The goal of this post is to look at the design of
sync.WaitGroup. This type is obviously subject to Go’s compatibility guarantee, so it won’t be changing. Nevertheless, the curious might be interested in a comparison with an alternate design, and those ideas might be useful elsewhere. This comparison is by looking at
sync.WaitGroup as one type of executor.
An executor implements a policy to set where, when, and how to run a function or closure. For Go, where all the examples examined have used goroutines under the hood, the function or closure is always run on locally, which determines the where and how. Still, there is flexibility around when. Additionally, they can wrap behaviour to provide facilities beyond simply being an executor (for example,
sync.WaitGroup is probably familiar to many Go users. Still, a quick primer for the uninitiated follows. The code below is a slightly modified example straight from the documentation.
WaitGroup is straightforward. There are three steps required. First, increment the counter for every goroutine (line 7). This must be done outside of the goroutine itself. Second, the goroutine must decrement the counter as it terminates (line 11). Third, call
Wait to pause the parent goroutine and wait for the child goroutines to terminate (line 17). Although perfectly serviceable, the interface does have a few areas where it can be misused. The author might admit to having put the call to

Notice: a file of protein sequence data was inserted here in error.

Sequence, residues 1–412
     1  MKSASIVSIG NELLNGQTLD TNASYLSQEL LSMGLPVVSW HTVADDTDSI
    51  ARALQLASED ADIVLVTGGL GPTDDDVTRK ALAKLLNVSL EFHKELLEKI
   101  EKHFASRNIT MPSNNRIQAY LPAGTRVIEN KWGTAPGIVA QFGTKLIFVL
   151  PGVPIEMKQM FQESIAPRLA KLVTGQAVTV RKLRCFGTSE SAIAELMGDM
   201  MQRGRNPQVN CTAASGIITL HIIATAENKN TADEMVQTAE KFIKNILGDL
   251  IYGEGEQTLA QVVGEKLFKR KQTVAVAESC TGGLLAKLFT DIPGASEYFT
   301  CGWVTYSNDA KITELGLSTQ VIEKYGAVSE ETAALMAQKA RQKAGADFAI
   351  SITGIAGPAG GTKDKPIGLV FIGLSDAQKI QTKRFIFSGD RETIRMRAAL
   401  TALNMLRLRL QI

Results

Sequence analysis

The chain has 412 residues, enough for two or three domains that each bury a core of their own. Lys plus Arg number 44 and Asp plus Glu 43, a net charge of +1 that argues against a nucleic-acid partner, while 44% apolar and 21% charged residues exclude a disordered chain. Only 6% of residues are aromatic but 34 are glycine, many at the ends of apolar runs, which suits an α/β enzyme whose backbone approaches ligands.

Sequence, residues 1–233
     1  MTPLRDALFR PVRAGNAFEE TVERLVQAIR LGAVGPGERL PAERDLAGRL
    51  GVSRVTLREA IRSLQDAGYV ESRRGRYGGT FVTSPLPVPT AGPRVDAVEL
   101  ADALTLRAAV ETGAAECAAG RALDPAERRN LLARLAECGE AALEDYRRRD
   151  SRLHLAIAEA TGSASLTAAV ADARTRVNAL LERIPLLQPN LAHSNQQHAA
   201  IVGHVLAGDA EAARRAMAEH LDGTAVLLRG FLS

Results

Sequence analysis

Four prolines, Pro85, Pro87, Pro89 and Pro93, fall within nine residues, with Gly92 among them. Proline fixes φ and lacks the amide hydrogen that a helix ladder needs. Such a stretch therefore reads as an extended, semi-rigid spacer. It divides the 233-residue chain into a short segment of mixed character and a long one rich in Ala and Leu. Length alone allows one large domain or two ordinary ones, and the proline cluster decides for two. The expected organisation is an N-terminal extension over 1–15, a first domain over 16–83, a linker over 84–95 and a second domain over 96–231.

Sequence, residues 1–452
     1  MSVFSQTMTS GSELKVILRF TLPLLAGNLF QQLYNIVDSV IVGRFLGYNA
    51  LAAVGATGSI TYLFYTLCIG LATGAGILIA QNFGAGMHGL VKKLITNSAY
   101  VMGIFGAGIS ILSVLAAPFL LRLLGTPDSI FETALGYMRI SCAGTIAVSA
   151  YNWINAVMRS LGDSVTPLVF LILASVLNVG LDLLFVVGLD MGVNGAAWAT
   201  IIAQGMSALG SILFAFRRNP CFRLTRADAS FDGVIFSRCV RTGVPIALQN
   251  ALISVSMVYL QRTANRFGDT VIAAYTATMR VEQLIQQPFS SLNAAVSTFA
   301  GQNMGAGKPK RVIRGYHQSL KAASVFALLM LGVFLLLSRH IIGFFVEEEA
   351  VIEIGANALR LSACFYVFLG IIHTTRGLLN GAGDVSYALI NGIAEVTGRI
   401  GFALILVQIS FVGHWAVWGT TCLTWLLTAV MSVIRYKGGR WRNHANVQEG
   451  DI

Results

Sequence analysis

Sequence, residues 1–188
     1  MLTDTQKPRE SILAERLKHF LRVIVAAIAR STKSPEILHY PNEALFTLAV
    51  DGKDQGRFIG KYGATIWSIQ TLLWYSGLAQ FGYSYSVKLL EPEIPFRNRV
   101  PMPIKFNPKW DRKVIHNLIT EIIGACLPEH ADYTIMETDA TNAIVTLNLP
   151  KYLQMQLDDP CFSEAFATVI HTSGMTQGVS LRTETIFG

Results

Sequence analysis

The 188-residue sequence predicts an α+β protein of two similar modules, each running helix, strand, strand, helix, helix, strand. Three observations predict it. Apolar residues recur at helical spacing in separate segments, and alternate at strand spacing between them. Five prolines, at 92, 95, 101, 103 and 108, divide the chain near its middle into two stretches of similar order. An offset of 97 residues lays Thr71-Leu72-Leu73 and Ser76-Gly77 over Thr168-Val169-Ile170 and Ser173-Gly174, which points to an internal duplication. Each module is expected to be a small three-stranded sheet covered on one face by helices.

Add inside the goroutine a few times, which is definitely a bug.
With this approach, there are only two operations. First, launch goroutines using closures (line 8). Second, wait for the child goroutines to terminate (line 16). This simpler interface leaves less options for users, which should make it easier to use. Additionally, some types of executors cannot be implemented using the original model. For example, if the goal is to limit concurrency, then the callbacks must be put into a queue, and this cannot be done with the first approach.
Although there are some marginal usability improvements for the second interface,
sync.WaitGroup has a few small performance advantages.
Instead of calling
Add for each goroutine, it is possible to increment the counter by more than one (see example). This might have a small performance boost, but the time for calls to
Add are quite small in comparison to starting each goroutine.
The compiler uses some internal magic to reduce memory allocations when starting a goroutine using a closure. Benchmarking the first example does not show any allocations for the closure2, the second example does. For functions, there wasn’t a measurable difference in the performance of the two approaches (t=0.41us)3. For closures, the second approach was measurably slowed, going from t=0.41us to t=0.45us on the test hardware.
The interface provided by the standard library for
sync.WaitGroup is useable, but perhaps a little more difficult to use than necessary. It also does not generalize to other types of executors. However, it may provide opportunities for optimization by limiting calls to
Add, and does reduce allocations when the callback is a closure.
Although the name is the same, this is two separate packages: github.com/juju/utils/parallel and gitlab.com/stone.code/parallel. ↩︎
The compiler must obviously be allocating for each goroutine. However, those allocations don’t appear to be recorded. ↩︎